Theomin lost his balance from the trembling earth and tumbling down to the ground and turned to see the furious drake stomping toward him. A fire of anger was in his eyes as he stomped so maddenly toward Theomin and shoved him with is snout onto the ground. He looked straight at Theomin as Theomin backed into a corner. All he had was the bow of Estonethiel’s to defend himself.
“And what are you going to do with that?” the smug drake said. “Are you going to tap me to death? Ha ha ha. I think not. Now, you will be eaten. Such a tastey morsul you will be.” The drake opened his mouth wide to capture all of Theomin inside. But instead of having a mouth full of Theomin, Theomin placed the bow into the mouth of the dragon, forcing it to keep its mouth open. He reached into the dank opening of the drake’s mouth and grabbed the arrow. He had to yank and yank again as the drake screamed in the pain of the lodged arrow. Theomin finally forced the arrow out and placed the arrow in the bow. He pulled back on the string as the drake jostled around. Theomin fell from the drake’s mouth but as he fell he grabbed hold of the bow and and placed the arrow back in the string. He pulled on it as he dangled from the drake’s mouth as Naglangon began to take flight. He then let go of the bow and let his weight pull the bow back as far as it could go. He let go of the arrow and fell down to the ground as the arrow flew up into the mouth of the drake. It pierced the top of the drake’s mouth and up into the drake’s head as the drake smashed the bow in half with its massive jaw.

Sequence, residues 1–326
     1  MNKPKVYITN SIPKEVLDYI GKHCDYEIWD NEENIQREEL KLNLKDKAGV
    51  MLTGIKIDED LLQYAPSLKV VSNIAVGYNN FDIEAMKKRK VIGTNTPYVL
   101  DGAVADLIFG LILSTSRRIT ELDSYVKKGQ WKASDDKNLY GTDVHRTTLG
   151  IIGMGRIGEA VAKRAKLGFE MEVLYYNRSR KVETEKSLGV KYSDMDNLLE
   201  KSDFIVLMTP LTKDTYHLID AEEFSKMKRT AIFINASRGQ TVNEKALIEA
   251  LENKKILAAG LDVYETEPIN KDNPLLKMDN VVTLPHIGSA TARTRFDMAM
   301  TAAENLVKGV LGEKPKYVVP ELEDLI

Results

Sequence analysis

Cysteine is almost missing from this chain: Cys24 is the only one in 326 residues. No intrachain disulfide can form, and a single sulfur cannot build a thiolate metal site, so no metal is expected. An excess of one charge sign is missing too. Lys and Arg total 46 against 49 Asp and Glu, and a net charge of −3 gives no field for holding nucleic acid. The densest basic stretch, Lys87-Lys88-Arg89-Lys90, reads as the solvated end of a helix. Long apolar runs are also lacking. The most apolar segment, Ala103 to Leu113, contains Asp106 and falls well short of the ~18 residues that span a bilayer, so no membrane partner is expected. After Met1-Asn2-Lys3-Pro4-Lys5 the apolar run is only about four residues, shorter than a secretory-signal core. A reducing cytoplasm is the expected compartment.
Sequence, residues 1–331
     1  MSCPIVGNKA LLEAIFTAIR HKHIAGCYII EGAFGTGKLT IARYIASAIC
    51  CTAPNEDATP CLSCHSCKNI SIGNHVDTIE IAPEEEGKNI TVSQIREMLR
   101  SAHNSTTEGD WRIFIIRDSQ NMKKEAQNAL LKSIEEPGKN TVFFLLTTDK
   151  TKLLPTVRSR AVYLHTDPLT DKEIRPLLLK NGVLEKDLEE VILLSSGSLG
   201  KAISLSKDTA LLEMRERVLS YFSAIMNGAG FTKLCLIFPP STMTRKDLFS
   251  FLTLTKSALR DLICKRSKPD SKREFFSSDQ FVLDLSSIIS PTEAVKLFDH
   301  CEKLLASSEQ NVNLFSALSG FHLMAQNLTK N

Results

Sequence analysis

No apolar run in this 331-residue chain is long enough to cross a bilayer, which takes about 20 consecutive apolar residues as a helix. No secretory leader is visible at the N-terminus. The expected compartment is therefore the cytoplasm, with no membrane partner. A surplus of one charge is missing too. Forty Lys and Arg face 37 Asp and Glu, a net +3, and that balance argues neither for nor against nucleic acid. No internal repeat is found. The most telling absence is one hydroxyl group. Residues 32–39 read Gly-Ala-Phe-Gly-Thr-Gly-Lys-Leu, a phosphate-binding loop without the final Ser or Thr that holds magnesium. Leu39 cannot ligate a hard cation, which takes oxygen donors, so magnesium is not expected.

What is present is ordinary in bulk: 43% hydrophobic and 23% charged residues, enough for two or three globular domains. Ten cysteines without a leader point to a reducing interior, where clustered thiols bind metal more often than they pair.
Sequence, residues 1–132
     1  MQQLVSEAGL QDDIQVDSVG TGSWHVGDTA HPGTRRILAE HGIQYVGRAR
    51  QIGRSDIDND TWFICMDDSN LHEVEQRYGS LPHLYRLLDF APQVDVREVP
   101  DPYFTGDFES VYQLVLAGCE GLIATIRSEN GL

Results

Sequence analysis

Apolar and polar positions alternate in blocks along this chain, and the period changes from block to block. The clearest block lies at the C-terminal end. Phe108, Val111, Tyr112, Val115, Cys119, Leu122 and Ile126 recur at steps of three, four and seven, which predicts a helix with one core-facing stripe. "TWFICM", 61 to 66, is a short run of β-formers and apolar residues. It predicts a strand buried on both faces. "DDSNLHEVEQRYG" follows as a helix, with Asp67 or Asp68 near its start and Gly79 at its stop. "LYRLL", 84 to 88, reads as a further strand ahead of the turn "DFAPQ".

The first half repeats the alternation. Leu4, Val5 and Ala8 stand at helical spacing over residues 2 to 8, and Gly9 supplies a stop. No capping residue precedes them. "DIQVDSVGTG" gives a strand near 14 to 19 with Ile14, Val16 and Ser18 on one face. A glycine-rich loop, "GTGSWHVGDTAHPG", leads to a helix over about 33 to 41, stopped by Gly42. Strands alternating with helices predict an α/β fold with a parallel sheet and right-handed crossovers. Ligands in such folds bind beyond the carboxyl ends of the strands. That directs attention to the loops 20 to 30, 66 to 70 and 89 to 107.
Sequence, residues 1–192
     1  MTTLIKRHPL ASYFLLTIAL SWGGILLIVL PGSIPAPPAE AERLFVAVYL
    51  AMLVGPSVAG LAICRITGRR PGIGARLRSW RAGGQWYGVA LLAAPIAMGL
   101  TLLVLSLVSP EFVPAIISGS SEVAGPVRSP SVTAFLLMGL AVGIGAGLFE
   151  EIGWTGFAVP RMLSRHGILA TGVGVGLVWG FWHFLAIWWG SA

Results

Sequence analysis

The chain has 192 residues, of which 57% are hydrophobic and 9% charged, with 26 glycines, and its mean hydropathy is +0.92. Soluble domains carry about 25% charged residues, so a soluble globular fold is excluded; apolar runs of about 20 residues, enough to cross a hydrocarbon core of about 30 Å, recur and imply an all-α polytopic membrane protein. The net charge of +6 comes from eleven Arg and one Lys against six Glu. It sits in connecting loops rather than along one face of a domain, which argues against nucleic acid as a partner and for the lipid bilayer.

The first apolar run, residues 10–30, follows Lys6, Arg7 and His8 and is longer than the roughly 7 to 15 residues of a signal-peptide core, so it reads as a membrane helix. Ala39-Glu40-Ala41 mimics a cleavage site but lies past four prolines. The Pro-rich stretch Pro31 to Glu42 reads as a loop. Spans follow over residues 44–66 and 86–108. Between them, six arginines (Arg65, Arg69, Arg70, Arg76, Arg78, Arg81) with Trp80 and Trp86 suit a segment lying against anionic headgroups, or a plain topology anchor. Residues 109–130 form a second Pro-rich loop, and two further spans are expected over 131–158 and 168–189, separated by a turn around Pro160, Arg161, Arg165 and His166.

With a thump, Theomin landed and looked up at the drake as it tried to fly away in obvious pain. It only flew a few hundred feet in the air when it started to fall. It flapped its wings again trying to stay up in the air. “I didn’t kill it,” he said dreadfully to himself, “It still lives.” It stopped again but tried one last desperate attempt to fly up in the air. It finally could not stay up finally with all its strength depleted, it went limp and fell back to the ground. Out in the distance, Theomin could hear the loud sound of a thump as the drake finally died from the lodged arrow in its head.